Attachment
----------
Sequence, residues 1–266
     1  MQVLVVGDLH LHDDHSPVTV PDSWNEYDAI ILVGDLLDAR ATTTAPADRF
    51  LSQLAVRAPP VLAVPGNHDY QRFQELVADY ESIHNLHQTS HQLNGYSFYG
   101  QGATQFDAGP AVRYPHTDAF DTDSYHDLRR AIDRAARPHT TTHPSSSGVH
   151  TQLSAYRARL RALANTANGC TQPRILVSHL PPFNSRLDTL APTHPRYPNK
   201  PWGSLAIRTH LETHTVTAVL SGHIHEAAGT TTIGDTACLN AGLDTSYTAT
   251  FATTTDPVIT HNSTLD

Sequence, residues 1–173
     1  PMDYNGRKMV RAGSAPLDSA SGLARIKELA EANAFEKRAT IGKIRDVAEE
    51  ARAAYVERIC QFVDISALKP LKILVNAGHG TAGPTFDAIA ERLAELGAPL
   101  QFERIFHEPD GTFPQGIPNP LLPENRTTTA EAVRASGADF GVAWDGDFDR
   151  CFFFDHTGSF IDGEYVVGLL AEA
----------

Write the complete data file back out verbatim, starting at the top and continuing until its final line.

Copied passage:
Sequence, residues 1–266
     1  MQVLVVGDLH LHDDHSPVTV PDSWNEYDAI ILVGDLLDAR ATTTAPADRF
    51  LSQLAVRAPP VLAVPGNHDY QRFQELVADY ESIHNLHQTS HQLNGYSFYG
   101  QGATQFDAGP AVRYPHTDAF DTDSYHDLRR AIDRAARPHT TTHPSSSGVH
   151  TQLSAYRARL RALANTANGC TQPRILVSHL PPFNSRLDTL APTHPRYPNK
   201  PWGSLAIRTH LETHTVTAVL SGHIHEAAGT TTIGDTACLN AGLDTSYTAT
   251  FATTTDPVIT HNSTLD

Sequence, residues 1–173
     1  PMDYNGRKMV RAGSAPLDSA SGLARIKELA EANAFEKRAT IGKIRDVAEE
    51  ARAAYVERIC QFVDISALKP LKILVNAGHG TAGPTFDAIA ERLAELGAPL
   101  QFERIFHEPD GTFPQGIPNP LLPENRTTTA EAVRASGADF GVAWDGDFDR
   151  CFFFDHTGSF IDGEYVVGLL AEA